Pery, Edmond Sexten (1719–1806), 1st Viscount Pery , speaker of the Irish house of commons, was born 8 April 1719 at Limerick, eldest son of the Rev. Stackpole Pery, clergyman, of Stackpole Court, Co. Clare, and Jane Pery (née Twigg). His brother was William Cecil Pery, later bishop of Limerick and father of Edmond Henry Pery (qv). Educated at TCD, Pery entered Middle Temple in 1739 and was called to the Irish bar in 1745. He rose quickly on the circuit; his shrewd legal mind, together with his careful and measured delivery, marked him out for advancement. Despite this, he decided on a career in politics and entered the house of commons as MP for Wicklow borough (1751–60); he was then MP for Limerick borough (1761–85); he was returned for Dungannon borough in 1783 but vacated the seat.
Although an assiduous parliamentarian, he was described as being more ‘a nervous reasoner, than a florid orator’ (Sketches of Irish political characters). He took a prominent stand on all the leading issues of the day, and was the key Patriot figure for most of his parliamentary career until he was eclipsed by Henry Flood (qv). Moving steadily from a position of support for the government to one of determined opposition, he advocated an annual supply bill and a fixed seven-year term for parliament, and regularly attacked the pension list. In 1759 he cooperated with the government over the anti-union riots, and it seems that he was offered the position of prime serjeant, but refused it. During the 1760s his opposition to the government became less rigid.
In the late 1760s Pery was instrumental in initiating the development of land which he owned beside the river to the south of Limerick. This became known as the Newtown Pery district of the city and was based on a grid plan, attributed to the engineer and architect Davis Ducart (qv), which was to be utilized by other architects over the following sixty years as Newtown Pery took shape.
On the resignation of John Ponsonby (qv) in 1771, Pery was elected to succeed him as speaker of the house of commons on 7 March; he became an Irish privy counsellor on 22 April. In a break with tradition he did not pretend to decline the chair, but admitted that it was the highest honour of his career. He went on to have the distinction of being elected to the speakership on three occasions (1771, 1776, 1783). In office, he was noted for his quiet and dignified manner; when he spoke he was brief, but he was always listened to, and his decisions were never questioned.
In 1772 he had the casting vote after a debate on the government's decision to increase the number of revenue commissioners. The measure was viewed by the opposition as contrary to the sense of the house and Pery declared that it was ‘a question which involves the privileges of the commons of Ireland . . . therefore I say the ayes have it’ (Grattan, Memoirs, i, 109). Edmund Burke (qv) was deeply impressed with his leadership from the chair, and congratulated him on his labours: ‘You are now beginning to have a country; and I trust you will complete the design’ (12 August 1778, HMC rep. 8, 199b). His role in the demands for legislative independence in 1782 prompted the lord lieutenant, the duke of Portland (qv), to remark bitterly that Pery was ‘the hollowest, most cunning, intriguing and hitherto successful knave in the kingdom’ (Malcomson, ‘Pery papers’). Although Pery viewed any obstacles to free trade as ‘fatal’, he was unhappy over some of the provisions of William Pitt's commercial propositions in 1784–5; this was significant as Pery was the litmus test for Irish parliamentary opinion (Kelly, Prelude, 25).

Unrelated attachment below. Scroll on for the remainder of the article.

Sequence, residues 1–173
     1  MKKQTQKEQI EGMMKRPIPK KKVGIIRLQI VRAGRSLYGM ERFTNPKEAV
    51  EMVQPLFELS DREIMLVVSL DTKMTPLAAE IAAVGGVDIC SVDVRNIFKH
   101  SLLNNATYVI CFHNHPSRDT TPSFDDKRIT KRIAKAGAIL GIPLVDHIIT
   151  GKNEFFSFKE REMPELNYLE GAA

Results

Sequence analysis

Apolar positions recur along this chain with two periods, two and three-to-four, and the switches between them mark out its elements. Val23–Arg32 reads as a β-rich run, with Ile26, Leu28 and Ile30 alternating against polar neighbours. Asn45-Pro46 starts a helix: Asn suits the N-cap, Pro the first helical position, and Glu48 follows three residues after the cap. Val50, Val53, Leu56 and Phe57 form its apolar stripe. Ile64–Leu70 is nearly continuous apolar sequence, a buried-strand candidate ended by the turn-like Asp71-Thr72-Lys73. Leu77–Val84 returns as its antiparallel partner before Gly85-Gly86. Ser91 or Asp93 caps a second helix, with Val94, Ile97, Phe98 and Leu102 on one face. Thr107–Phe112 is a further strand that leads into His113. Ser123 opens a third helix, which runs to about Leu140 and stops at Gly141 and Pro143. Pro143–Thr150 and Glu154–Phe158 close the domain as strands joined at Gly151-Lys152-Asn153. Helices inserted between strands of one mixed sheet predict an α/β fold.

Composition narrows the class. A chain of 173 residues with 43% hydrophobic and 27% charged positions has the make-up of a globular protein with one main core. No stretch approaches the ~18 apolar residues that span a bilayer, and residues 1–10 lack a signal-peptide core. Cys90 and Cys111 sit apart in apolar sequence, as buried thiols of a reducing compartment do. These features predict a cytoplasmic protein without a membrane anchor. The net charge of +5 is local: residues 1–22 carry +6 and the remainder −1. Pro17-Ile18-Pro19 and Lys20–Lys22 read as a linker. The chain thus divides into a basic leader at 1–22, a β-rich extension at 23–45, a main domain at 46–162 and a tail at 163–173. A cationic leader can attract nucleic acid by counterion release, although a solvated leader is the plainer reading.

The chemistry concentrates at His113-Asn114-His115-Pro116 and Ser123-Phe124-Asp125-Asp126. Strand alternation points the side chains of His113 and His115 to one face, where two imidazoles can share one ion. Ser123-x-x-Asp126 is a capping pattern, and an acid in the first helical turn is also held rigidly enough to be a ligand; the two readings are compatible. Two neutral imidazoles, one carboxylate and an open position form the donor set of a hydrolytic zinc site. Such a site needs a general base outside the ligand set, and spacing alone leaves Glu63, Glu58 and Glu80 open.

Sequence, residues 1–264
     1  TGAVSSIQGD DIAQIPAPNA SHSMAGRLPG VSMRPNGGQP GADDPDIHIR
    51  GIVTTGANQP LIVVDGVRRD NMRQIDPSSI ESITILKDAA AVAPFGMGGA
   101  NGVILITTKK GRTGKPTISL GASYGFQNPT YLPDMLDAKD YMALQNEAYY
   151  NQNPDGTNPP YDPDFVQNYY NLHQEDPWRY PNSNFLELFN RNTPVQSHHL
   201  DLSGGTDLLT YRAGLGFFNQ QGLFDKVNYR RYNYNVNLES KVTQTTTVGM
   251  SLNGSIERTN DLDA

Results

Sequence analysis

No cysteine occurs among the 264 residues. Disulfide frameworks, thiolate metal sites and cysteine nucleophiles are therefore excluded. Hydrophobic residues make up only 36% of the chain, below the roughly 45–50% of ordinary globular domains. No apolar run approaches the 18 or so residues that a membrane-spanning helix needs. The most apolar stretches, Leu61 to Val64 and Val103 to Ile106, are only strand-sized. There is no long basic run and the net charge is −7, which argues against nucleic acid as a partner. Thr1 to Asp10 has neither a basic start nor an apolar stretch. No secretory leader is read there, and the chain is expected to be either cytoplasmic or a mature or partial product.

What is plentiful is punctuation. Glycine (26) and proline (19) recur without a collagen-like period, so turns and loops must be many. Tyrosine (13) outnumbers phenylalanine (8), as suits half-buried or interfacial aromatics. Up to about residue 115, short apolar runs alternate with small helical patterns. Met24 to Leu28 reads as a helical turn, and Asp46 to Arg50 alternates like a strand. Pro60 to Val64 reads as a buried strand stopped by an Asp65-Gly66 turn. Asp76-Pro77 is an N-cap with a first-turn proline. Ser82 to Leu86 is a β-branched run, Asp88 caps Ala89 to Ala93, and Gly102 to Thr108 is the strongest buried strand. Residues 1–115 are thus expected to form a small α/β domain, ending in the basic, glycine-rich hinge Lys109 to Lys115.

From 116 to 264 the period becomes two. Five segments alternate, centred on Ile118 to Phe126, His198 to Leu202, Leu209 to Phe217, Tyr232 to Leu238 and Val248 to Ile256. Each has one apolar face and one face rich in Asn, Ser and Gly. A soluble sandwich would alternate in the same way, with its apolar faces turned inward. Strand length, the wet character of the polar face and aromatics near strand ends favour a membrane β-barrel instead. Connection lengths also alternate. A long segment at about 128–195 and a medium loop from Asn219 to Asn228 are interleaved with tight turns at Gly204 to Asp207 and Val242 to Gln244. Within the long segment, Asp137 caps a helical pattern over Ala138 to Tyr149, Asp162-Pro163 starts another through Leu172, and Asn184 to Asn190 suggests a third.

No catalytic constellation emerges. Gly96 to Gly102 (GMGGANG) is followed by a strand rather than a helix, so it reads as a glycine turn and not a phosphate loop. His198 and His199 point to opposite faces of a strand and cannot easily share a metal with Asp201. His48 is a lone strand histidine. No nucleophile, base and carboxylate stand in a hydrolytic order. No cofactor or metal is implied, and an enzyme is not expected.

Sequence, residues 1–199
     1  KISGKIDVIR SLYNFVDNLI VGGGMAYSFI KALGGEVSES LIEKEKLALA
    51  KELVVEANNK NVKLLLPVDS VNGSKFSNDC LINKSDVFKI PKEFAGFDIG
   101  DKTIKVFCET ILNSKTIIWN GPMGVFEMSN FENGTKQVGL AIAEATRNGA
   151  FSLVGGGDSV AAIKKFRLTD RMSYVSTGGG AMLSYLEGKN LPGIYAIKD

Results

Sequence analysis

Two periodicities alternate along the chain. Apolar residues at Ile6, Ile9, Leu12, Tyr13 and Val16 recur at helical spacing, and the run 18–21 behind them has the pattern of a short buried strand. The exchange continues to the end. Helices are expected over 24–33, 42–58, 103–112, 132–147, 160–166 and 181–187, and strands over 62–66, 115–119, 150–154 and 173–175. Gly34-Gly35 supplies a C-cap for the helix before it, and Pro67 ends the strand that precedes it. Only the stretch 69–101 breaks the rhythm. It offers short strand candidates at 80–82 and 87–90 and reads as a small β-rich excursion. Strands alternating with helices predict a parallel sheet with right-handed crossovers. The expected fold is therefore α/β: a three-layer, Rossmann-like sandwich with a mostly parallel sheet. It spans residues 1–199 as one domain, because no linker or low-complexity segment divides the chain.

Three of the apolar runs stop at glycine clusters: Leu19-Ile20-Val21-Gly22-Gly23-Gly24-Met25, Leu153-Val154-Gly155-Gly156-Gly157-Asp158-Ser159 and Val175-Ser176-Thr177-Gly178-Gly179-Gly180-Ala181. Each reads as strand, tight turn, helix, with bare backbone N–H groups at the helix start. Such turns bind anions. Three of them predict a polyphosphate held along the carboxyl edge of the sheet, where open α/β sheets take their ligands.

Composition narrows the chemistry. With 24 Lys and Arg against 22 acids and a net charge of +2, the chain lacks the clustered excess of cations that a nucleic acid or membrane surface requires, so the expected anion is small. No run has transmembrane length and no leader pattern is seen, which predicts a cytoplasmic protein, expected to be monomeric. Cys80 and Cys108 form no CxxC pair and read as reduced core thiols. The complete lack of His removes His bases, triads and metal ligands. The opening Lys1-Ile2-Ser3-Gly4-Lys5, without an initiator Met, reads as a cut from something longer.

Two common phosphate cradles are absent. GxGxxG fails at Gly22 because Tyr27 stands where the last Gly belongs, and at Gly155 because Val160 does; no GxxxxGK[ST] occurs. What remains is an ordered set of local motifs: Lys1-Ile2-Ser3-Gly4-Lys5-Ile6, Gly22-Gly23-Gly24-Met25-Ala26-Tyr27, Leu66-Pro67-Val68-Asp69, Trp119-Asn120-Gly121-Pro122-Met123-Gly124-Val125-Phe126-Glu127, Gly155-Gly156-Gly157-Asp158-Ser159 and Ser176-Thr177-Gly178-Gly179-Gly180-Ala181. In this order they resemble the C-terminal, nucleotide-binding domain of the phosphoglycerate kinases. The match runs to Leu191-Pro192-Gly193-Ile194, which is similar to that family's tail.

Citing ill-health, but possibly influenced by the defeat of the commercial bill, he resigned as speaker on 17 August 1785. In recognition of his services he was raised to the peerage of Ireland as Viscount Pery of Newtown-Pery on 30 December. He rarely took a stand in the house of lords, but roused himself in 1799 to oppose the planned legislative union. A meeting of the opposition took place at his house in Dublin on 20 January 1799, where they discussed various strategies; Pery recommended avoiding a debate on the union at the opening of parliament and instead waiting for a specific proposal of union, but his good advice was rejected.
Pery died 24 February 1806 at his home at Park St., London, and was buried at Furnam, Pelham, Hertfordshire. He married first (11 June 1756) Patty Martin. She died within a year, and he married secondly (27 October 1762) Elizabeth Handcock, widow of Robert Handcock, Co. Westmeath; they had two daughters. On Pery's death, his peerage became extinct. The politician Edmond Henry Pery was his nephew and heir.
Occasionally criticised by government supporters for his open hostility to some measures of the crown, Pery was hailed as the champion of the commons by most MPs. An independent patriot, he supported the corn laws, free trade, and legislative independence, and opposed the act of union; the younger Henry Grattan (qv) wrote that ‘he was one of the most honest men in existence . . . He was possessed of the rarest and greatest acquirement a public man can wish for – a stern political fortitude that is proof against every temptation’ (Grattan, Memoirs, i, 104–5). The epistolary novel, Letters from an Armenian in Ireland to his friend in Trebisond . . . (printed privately, London, 1757) has been attributed to Pery by, among others, Toby Barnard (A new anatomy of Ireland (2003)), though R. D. Collinson Black credited it to the lawyer Robert Hellen (1725–93).